|This paper explores the 'moral economy' of contemporary consumer societies. The recent wave of business scandals has raised urgent demands for a 'new morality' for the economy. However, it is not only the leading figures, but citizens in their daily lives who engage in shady and unfair or illegal and illegitimate market practices. The paper will analyse the victimization of consumers via fraud and unfair practices, as well as their own involvement as offenders in such practices (including government services). It will in particular examine how the normative framework of the market place and consumption and the (im)moral economy impact on wider notions of citizenship, and on levels of trust and confidence in markets, civil society and democracy.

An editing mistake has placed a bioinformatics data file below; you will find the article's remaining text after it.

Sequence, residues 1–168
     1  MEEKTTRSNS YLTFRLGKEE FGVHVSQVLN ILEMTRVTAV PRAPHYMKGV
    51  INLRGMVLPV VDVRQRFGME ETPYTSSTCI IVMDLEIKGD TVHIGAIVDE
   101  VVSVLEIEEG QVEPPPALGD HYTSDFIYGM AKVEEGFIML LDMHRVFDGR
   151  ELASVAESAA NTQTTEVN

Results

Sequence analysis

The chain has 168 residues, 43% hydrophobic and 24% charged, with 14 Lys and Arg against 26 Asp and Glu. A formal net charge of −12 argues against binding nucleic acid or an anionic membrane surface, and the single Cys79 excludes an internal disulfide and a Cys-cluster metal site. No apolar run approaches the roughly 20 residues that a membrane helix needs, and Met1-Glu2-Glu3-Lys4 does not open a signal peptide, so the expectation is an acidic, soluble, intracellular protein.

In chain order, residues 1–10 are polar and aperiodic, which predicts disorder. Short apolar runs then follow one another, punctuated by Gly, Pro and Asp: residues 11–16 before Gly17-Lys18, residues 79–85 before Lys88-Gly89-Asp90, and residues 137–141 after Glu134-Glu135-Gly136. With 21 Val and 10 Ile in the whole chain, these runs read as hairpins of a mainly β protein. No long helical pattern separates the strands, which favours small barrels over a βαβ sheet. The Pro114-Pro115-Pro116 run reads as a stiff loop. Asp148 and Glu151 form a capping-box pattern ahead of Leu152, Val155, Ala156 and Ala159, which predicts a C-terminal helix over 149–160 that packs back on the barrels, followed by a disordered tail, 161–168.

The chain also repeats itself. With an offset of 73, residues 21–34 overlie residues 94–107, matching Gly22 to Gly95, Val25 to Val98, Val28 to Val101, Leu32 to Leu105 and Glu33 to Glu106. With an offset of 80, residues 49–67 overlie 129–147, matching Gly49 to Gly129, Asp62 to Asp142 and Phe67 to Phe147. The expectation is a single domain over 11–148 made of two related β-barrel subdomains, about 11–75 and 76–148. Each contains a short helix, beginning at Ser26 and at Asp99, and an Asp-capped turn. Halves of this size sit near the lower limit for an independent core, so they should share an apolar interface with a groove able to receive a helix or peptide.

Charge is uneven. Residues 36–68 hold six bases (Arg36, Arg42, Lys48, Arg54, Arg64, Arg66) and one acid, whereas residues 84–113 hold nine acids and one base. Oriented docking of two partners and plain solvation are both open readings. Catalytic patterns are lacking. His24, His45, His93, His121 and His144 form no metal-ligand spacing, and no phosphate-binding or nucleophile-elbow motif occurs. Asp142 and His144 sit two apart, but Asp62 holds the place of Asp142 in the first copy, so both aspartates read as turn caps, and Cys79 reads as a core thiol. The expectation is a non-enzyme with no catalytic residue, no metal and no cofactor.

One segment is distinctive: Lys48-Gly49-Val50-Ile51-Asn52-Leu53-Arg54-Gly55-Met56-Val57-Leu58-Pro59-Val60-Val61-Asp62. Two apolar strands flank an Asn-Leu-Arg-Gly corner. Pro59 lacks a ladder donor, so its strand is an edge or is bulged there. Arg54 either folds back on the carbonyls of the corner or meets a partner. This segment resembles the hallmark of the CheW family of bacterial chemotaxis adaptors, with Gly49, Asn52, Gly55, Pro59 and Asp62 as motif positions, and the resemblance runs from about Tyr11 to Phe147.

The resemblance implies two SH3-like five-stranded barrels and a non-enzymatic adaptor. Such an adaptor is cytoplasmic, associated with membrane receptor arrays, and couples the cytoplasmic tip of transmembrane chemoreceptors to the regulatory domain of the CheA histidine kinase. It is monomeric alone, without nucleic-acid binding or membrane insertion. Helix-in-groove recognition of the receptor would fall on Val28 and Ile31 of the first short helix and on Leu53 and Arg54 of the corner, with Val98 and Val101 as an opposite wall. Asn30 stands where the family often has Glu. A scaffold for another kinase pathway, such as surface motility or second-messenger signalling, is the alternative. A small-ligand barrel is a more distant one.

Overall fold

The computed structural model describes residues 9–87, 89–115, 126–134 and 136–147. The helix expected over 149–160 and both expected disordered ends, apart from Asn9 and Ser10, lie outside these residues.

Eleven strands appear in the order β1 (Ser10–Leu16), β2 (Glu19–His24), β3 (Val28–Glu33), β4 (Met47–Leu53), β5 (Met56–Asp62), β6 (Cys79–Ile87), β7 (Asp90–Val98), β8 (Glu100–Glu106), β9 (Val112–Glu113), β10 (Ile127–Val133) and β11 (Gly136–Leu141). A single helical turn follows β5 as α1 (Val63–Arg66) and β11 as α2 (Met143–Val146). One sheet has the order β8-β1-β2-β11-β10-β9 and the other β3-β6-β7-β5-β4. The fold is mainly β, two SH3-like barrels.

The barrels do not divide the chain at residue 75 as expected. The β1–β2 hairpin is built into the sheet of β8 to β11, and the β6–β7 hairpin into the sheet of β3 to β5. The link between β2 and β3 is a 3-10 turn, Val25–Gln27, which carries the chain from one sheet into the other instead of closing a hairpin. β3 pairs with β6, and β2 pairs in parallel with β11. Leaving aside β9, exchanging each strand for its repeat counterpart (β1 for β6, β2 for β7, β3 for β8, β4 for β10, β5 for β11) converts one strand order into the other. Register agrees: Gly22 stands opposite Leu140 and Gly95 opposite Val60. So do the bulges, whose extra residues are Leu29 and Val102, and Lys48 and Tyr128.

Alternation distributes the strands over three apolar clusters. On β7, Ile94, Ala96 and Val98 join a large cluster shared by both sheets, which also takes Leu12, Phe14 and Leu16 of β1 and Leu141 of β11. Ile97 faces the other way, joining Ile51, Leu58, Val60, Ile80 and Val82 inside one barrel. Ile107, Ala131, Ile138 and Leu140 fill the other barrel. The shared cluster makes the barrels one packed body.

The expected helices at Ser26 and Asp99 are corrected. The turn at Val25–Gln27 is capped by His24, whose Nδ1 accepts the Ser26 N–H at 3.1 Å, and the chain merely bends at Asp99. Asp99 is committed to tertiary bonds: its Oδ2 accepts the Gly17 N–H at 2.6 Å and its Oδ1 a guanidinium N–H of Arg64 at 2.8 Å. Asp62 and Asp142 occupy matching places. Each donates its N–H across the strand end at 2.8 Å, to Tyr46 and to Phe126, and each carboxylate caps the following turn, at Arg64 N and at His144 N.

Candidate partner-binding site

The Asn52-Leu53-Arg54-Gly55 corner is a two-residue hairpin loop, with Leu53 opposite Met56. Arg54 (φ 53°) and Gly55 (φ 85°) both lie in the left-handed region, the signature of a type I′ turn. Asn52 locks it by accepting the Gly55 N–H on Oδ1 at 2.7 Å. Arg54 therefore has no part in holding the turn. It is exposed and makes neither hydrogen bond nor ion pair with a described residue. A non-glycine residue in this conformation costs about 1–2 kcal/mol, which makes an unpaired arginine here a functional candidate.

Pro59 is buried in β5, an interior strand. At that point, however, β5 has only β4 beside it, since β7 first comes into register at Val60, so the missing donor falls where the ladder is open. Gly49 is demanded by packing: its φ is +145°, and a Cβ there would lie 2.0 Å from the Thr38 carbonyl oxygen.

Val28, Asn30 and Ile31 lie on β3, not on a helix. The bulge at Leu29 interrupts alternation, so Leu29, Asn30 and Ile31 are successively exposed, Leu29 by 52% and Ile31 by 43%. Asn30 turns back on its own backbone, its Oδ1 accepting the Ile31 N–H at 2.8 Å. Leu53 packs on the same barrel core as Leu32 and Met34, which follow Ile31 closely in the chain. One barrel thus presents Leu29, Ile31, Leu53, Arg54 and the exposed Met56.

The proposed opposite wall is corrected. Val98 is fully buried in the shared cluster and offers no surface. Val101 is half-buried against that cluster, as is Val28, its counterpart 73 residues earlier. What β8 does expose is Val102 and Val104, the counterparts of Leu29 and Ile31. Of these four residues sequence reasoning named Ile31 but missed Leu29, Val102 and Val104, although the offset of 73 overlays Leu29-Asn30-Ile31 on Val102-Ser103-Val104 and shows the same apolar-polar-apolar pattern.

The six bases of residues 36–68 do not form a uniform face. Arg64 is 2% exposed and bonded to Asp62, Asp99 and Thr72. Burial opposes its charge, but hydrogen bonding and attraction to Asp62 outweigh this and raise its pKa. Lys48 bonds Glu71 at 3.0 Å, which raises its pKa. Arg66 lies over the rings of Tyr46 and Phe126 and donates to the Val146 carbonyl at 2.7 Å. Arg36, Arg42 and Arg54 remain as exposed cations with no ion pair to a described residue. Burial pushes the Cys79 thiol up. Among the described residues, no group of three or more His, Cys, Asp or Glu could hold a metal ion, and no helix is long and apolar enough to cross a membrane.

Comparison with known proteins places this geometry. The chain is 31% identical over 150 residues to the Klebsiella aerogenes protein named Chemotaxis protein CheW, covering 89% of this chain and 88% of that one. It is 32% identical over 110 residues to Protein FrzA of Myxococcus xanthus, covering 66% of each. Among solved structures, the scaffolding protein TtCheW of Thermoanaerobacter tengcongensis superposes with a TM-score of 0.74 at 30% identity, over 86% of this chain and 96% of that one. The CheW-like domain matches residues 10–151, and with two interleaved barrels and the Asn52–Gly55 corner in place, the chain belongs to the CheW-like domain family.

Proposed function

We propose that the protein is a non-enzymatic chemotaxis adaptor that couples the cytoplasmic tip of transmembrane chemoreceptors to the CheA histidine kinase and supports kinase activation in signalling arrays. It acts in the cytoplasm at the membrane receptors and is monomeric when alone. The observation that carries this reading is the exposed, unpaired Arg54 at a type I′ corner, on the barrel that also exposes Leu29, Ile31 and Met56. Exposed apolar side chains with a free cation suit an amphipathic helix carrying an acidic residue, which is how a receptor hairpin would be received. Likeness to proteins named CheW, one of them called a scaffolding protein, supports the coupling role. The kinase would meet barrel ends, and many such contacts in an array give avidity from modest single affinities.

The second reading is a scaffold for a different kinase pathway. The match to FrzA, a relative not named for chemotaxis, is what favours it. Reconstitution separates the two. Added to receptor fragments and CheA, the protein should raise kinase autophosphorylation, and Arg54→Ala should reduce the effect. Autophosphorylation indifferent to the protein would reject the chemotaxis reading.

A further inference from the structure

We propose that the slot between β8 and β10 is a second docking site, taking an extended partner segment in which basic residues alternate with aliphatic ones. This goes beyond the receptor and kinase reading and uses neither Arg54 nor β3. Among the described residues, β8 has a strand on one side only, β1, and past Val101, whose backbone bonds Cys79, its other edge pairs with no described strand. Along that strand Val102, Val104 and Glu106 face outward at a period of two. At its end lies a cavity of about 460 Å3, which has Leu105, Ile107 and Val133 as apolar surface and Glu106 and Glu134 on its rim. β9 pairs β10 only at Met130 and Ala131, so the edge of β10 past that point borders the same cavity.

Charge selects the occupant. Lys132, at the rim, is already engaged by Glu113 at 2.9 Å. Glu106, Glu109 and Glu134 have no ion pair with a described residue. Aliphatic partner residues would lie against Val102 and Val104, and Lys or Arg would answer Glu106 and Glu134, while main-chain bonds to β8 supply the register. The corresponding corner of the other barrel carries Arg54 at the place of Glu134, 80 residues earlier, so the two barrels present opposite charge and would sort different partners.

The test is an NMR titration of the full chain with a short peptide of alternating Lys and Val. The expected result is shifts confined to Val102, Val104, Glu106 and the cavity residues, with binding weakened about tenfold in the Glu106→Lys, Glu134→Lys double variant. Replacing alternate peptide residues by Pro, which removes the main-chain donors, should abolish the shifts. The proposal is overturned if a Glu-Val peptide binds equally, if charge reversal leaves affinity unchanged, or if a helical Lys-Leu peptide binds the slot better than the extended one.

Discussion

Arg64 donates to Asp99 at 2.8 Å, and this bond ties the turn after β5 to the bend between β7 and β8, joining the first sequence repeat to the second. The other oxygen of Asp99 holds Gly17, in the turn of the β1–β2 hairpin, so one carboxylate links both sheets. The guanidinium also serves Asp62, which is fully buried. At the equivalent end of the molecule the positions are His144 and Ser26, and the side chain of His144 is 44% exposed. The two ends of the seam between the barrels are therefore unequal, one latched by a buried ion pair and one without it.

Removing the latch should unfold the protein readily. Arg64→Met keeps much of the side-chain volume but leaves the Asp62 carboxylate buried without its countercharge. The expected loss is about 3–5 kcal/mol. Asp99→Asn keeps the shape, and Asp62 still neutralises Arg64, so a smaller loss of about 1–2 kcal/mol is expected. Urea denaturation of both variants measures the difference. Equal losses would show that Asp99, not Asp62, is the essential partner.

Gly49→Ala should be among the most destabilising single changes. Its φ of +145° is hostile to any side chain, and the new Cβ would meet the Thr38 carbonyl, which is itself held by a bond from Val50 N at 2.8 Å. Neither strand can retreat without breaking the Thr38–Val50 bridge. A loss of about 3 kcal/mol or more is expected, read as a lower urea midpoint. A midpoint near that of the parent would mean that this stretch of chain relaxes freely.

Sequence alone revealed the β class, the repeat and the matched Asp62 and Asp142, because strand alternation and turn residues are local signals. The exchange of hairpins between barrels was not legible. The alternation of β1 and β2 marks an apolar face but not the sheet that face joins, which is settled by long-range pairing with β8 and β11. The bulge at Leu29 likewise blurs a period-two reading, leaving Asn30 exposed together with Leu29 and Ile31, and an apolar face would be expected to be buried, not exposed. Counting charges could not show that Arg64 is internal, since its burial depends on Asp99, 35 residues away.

The paper analyzes survey data from England and Wales and Germany (West and East), and will present national and comparative models of the relationship between offending, victimization, 'moral economy attitudes' and their impact ont trust in the market place. These analyses seek in particular to contribute to the conceptual framework of institutional anomie theory.
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